Presentation of celiac disease

Celiac disease may have four probable presentations in children. These presentations show a correlation with age. These presentations are as follows:

Typical presentation

Gastro-intestinal symptoms are very prominent in this type of presentation. The intestinal biopsy shows atrophied villi. This presentation usually appears between ages 9 months to 24 months. This is the first time gluten is introduced to the infant’s diet. If gluten is introduced along with breast feeding, then symptoms are delayed and non-gi in nature.

Atypical presentation

Atypical presentation usually correlates with children of the age 3 to 10 years. They complain of mild gi symptoms, decreased height and weight, delayed puberty and other atypical symptoms. The blood serology show high amounts of anti-gluten antibodies and the biopsy shows villous atrophy.

Silent presentation

People with this type of presentation do not show any apparent symptoms but celiac disease may be detected on biopsy or by serology. This usually occurs in teenagers and young adults where only visible symptoms are mood swings and anemia.

Potential presentation

In this type of presentation, antibodies are present in blood but there are no degenerative changes in the intestinal villi. The symptoms may be present or absent. This is the earliest detected stage of celiac disease. This presentation may progress to any of the other presentations.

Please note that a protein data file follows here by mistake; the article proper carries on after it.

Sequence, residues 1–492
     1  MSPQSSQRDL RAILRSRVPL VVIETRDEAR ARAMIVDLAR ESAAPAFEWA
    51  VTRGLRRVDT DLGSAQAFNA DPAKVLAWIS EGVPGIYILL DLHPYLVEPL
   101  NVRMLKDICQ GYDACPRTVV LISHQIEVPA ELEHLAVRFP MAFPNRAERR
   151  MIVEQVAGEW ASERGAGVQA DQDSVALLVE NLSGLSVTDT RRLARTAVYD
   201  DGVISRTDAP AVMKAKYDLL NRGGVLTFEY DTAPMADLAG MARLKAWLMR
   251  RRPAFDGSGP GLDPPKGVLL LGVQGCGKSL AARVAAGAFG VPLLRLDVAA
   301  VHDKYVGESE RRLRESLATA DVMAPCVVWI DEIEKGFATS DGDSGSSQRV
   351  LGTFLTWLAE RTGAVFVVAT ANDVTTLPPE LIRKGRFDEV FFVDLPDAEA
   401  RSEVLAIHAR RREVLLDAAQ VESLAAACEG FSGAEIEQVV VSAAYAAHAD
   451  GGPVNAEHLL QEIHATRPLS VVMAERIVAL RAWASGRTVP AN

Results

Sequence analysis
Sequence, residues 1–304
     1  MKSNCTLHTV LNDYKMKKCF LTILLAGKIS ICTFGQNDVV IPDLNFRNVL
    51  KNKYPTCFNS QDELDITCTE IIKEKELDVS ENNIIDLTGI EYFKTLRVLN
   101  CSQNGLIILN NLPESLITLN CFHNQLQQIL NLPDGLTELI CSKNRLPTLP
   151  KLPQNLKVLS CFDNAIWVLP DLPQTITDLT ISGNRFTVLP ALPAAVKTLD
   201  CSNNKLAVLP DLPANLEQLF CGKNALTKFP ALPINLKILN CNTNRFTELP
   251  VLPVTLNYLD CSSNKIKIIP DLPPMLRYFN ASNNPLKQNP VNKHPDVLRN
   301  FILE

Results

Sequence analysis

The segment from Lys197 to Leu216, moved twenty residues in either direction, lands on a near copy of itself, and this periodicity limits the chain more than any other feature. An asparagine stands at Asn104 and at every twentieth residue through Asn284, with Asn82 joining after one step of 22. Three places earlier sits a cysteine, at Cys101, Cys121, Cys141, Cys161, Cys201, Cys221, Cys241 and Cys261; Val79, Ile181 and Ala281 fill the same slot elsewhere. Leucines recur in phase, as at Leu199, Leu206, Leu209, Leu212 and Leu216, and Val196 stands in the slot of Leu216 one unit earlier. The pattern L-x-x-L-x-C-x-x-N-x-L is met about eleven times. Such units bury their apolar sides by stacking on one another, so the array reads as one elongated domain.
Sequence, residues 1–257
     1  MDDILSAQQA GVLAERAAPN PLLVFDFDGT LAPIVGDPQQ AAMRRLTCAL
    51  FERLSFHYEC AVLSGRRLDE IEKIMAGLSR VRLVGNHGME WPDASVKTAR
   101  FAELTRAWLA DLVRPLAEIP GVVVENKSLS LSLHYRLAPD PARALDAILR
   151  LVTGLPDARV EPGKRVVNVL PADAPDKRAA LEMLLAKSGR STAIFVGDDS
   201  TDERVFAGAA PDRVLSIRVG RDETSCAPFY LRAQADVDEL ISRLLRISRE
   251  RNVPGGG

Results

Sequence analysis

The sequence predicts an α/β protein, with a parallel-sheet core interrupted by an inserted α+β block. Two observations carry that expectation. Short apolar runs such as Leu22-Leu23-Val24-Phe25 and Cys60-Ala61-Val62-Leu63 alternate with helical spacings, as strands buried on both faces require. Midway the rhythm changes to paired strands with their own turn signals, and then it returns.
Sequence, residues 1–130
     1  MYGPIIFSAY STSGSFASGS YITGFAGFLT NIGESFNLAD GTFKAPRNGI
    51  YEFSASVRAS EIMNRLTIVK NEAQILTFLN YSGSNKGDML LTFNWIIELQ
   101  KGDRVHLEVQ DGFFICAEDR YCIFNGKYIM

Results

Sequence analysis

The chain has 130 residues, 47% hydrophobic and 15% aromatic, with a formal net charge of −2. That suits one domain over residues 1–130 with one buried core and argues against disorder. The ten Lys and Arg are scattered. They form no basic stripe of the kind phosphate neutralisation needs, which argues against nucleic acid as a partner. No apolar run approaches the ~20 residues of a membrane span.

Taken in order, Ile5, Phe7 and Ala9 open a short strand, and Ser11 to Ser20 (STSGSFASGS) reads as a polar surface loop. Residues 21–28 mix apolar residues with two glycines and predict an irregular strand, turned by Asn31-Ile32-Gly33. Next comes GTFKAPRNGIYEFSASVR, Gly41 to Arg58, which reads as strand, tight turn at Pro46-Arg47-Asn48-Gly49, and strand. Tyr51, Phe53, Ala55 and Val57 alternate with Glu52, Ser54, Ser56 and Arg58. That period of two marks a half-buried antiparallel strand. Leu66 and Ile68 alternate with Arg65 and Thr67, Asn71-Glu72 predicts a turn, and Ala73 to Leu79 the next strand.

Read More: Top 7 Causes for Child Vomiting


Diagnosis of celiac disease

The diagnosis of celiac disease can be made by a simple blood test which is basically screening for anti-gluten antibodies. If the test is positive, biopsy of intestine is done to confirm the diagnosis. The screening test is usually not accurate for children up to 3 years since they may have maternal antibodies in their blood. So, symptoms and genetic tracing form the basis of diagnosis for these children. It is important to keep the people being tested on gluten containing diet throughout the procedure.

Treatment of celiac disease

Celiac disease is a lifelong condition. The only treatment is to have a gluten free diet. The good news is that almost everything we eat can be made gluten free. Even minute amounts of gluten can be catastrophic. So, it is always better to have separate dishes, toasters and other equipment. Only foods and beverages with gluten content less than 20 ppm are allowed. Following gluten free diet not only allows the patient to lead a perfectly healthy life but it also prevents any complications including malignancies.

People with celiac disease are usually deficient in certain vitamins and minerals specially vitamin B complex, vitamin D, calcium and sometimes protein. This can be remedied by daily, gluten free multivitamins.

A dietitian expert in celiac disease is recommended.

A follow up with the physician should be done 3-6 months after its initial diagnosis to identify nutritional deficiencies and assess any problems the child may be facing. Antibody test should be negative by the 6-12 month.

Celiac disease is a very manageable condition. With the right diagnosis and the correct diet plan can allow the child to lead a very normal life-style. Moreover, many support groups are available and joining a support group may help understand the best gluten free recipes and products apart from being a great mental support.


Read More: Health Benefits of Barley in Baby Food

Hope this article was of help for all our parents!! Please share your comments/queries/tips with us and help us create a world full of Happy and Healthy Babies!!